djbaxter

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Google's John Mueller is Asked About Links and E-A-T
by Roger Montti, Search Engine Journal
August 26, 2019

Google’s John Mueller was asked about the value of inbound links for establishing a website’s Expertise, Authoritativeness and Trustworthiness (E-A-T). E-A-T has been encouraged by Googlers as something web publishers should cultivate. Could links be a way to demonstrate to Google that a site is expert, authoritative and trustworthy? ....

There are two problems with E-A-T authorship signals.
  1. It is easy to invent that an author is an expert (such as a doctor).
  2. There are no patents or research papers that specifically outline an algorithm that searches for on-page authentication of the authority and expertise of an article author.
The first point exposes how open to manipulation on-page author credibility signals are.
The second point shows there is close to zero likelihood that such a ranking factor exists because no university or search engine has undertake to study such an unreliable on-page ranking factor as on-page ranking credentials.
Here is the question:
“With E-A-T, how much value do external links carry? Surely providing that you’re an expert on page is not sufficient.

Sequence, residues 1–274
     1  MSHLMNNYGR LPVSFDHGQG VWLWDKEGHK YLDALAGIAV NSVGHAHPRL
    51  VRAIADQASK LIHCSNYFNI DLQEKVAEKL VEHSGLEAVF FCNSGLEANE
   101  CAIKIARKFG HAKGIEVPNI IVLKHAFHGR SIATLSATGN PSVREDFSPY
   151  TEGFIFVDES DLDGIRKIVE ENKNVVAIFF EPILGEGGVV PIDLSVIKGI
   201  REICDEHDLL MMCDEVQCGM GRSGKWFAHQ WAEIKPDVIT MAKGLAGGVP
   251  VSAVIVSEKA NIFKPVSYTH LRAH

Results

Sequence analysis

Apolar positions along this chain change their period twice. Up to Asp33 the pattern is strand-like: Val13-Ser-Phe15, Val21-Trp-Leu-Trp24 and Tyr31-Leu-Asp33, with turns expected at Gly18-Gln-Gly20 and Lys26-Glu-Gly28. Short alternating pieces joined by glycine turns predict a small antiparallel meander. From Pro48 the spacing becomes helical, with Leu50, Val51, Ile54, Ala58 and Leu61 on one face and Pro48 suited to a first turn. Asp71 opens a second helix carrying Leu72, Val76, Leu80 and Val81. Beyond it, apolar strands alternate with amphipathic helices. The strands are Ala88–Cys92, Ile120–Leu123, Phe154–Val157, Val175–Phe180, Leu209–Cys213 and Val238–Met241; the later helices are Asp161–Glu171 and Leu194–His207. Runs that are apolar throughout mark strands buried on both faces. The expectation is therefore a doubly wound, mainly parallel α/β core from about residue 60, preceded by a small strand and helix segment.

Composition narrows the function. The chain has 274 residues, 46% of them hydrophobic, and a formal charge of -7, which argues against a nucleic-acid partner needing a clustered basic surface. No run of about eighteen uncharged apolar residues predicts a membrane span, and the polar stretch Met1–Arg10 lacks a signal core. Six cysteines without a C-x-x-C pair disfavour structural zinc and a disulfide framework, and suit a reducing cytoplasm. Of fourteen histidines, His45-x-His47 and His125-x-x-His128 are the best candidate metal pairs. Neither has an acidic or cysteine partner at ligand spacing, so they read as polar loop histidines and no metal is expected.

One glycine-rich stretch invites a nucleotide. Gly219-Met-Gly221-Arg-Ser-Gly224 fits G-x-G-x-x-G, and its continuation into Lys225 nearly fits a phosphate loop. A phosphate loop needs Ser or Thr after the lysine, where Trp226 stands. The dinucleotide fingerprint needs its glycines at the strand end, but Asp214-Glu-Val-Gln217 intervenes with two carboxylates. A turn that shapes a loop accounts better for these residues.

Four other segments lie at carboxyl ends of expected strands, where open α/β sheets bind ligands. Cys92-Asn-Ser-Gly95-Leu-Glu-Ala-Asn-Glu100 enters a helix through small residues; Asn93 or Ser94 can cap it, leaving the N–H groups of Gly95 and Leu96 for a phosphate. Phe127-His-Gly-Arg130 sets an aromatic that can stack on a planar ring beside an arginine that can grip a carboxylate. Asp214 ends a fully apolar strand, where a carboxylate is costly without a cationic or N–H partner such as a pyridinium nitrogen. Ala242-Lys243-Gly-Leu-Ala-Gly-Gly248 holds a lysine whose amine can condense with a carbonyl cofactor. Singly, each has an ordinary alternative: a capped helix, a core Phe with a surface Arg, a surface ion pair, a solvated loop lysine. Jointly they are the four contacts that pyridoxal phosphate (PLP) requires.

What else matters? Mentions or external links from relevant sites?”
It’s a reasonable question. If on-page factors are unreliable, that must point to off-page factors such as links or mentions as factors that could vouch for a web page’s expertise, authoritativeness and trustworthiness.

Links have traditionally filled that role in Google’s algorithm.

Google’s John Mueller answered:
“We don’t have any explicit information with regards to what you need to do there.”
There’s no need to read between the lines. It means that John declines to answer the question. He didn’t say yes and he didn’t say no. He refused to answer the question. ....

John continued his answer, providing useful information that confirms that seemed to confirm that SEO practices such as on-page author signals are not direct ranking factors.

This is what John Mueller said:
“A lot of this comes from the Google Raters Guidelines which are not direct search results or search ranking factors.”

"But rather this is what we give folks when they evaluate the quality of our search results.”

That’s an explanation of how the concept of E-A-T is specific to rating search results but is not related to the search results themselves or search ranking factors.

Read more...
 

Cherie Dickey

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I saw this the other day, and I'm still not 100% on what to think about it. I think EAT is a ranking factor, but more as a concept than a tangible thing (or list of things) that can be implemented or manipulated. There are things you can do as an SEO on page that will point the user in the right direction to find the evidence that the site author is a trusted expert in their field, and that's where linking would come in. But you have absolutely no control over whether or not that expert is going to do what they need to do on their end to earn that status, or make sure it's translated into the online space where it can send those positive signals (like mentions, links, chatter, etc).
 

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